All About Sound: The Science of Imaging

An important part of the concept of dispersion (the lifelike radiation of sound from a source, either an instrument or a speaker) is the idea of "imaging."

Imaging is what we call our aural ability to pinpoint the location of specific elements of a soundscape. When we hear a saxophonist taking a solo on a small stage, we can close our eyes and our ears can locate the sound exactly where it originates, even among the other instruments on stage. When we hear a singer belting it out in a concert hall, we can close our eyes and our ears can sort through the ambient sounds of the expansive hall around us and pick out the location of the singer down there, center stage.

It's important for a loudspeaker to deliver a wide, expansive, ambient-enhanced dispersion pattern. It does this by smoothing the crossover slopes between the midrange and high frequency driver responses, to avoid constricting "beaming" effects.

But it's also important for a loudspeaker to present a clear and detailed high frequency performance, because it is those high frequency details that best cue our ears to a sound's originating location.

The demands of "imaging" are why they say that the hardest working speaker in your home theater is your center channel speaker. It must radiate not just a wide, lifelike dispersion pattern to encompass everything happening on your screen, but it must also deliver precise high frequency detail so that you can locate voices and effects on and off the screen space. It's a critical job to support the illusion of reality.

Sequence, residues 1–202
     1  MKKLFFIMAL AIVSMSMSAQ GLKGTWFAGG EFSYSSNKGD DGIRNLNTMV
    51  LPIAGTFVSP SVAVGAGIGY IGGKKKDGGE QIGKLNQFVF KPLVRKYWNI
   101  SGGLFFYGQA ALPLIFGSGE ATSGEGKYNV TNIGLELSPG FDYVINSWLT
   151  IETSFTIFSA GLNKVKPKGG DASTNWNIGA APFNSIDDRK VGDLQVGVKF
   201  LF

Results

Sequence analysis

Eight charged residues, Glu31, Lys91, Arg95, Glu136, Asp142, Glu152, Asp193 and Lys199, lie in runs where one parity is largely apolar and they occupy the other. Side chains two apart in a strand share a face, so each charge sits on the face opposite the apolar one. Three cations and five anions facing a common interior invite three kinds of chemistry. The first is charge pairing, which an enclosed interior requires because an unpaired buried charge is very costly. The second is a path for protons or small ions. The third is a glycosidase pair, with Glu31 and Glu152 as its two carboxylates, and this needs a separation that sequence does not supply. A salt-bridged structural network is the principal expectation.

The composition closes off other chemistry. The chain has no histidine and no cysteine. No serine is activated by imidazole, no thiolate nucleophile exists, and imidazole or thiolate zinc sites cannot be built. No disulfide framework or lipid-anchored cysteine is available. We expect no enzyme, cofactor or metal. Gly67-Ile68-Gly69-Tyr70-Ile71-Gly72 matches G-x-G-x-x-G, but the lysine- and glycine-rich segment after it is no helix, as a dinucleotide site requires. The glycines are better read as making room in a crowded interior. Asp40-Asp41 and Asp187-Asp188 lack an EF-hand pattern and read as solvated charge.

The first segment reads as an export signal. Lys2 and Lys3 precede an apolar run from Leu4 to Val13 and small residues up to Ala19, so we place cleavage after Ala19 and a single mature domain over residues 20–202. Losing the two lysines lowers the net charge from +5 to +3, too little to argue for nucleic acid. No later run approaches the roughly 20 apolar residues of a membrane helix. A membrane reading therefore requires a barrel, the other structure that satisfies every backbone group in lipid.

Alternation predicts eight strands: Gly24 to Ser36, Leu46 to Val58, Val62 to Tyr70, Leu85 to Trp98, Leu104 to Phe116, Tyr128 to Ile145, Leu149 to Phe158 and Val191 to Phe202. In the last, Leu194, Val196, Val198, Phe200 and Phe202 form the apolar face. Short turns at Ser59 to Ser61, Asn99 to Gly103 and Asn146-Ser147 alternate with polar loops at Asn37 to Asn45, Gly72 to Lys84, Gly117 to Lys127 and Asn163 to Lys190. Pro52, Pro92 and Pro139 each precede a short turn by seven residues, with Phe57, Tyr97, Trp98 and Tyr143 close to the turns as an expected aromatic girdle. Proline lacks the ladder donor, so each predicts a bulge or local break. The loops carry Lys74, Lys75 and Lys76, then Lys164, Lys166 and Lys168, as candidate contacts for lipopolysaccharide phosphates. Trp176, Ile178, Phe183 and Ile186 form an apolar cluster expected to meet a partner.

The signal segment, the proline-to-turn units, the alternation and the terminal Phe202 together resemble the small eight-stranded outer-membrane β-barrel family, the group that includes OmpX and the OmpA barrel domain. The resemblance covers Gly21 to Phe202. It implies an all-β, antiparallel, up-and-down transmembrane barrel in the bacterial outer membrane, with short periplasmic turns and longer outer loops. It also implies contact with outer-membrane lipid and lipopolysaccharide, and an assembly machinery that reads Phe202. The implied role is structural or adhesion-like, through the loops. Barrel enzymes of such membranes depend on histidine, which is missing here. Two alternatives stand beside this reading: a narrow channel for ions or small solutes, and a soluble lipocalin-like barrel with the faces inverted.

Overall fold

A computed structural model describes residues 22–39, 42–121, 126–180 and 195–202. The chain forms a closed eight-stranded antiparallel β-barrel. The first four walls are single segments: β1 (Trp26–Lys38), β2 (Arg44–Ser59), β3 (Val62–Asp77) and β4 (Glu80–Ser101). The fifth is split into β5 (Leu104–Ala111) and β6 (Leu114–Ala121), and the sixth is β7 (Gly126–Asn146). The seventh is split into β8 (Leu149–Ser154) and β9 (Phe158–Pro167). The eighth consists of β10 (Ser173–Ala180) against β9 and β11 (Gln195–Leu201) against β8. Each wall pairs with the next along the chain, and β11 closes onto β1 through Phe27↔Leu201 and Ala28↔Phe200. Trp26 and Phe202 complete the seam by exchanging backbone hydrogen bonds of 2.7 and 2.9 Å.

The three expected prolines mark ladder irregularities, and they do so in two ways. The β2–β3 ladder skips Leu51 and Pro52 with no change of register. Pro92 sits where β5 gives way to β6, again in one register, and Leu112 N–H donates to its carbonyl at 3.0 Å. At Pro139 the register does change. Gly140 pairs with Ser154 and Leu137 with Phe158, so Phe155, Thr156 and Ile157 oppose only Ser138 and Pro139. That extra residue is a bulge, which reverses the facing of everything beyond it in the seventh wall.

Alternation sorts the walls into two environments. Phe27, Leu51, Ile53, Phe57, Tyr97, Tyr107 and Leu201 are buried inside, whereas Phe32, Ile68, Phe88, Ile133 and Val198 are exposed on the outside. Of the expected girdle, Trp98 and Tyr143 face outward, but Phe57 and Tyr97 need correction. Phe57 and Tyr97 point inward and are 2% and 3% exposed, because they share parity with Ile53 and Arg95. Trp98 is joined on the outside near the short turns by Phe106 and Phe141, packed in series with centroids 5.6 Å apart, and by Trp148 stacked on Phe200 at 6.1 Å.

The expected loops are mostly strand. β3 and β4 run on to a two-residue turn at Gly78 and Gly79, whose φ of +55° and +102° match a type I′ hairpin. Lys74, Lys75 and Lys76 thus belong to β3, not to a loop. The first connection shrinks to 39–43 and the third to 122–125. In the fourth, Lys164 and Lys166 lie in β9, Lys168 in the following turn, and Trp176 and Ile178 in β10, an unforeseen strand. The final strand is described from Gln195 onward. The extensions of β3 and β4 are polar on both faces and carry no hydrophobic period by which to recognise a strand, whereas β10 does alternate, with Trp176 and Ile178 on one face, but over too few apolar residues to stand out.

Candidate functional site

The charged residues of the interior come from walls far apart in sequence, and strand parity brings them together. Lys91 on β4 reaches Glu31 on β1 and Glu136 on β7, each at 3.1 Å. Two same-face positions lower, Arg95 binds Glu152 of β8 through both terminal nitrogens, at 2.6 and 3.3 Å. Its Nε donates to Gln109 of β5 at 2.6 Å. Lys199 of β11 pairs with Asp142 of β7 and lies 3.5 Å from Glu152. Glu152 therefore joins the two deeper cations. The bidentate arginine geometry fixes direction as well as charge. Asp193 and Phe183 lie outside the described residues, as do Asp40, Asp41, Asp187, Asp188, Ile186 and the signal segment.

Another element of imaging is speaker placement. You know that the center channel speaker is placed front-and-center in your home theater, to anchor the image on the screen. But different types of loudspeakers, designed with drivers in various arrays, have different imaging and dispersion characteristics depending upon their placement in a room:

Wide-Dispersion Speakers (dynamic, multiple-driver "point-source" designs)
Placement: Direct and reflected output can be balanced for relatively easy room placement.
Spaciousness: good to excellent
Localization: good to excellent

Highly Directional Speakers (horns, rear-absorbed electrostatics, ribbon panels)
Placement: With more direct than reflected sound placement is usually easier. Electrostatics and ribbons with wider horizontal dispersion require greater care in placement.
Spaciousness: fair to good
Localization: fair to excellent

Multi-Directional Speakers (bipolar, reflecting)
Placement: Because there is more reflected sound than direct, room placement requires more care. Bipolar speakers must be placed well away from listening room walls.
Spaciousness: good to excellent
Localization: fair to good

Limited-Dispersion Dipole Speakers (dynamic, planar or electrostatic dipoles)
Placement: Room placement is critical. These speakers must be specifically positioned so that the reflected rear output does not cancel the front output.
Spaciousness: fair to good
Localization: fair to excellent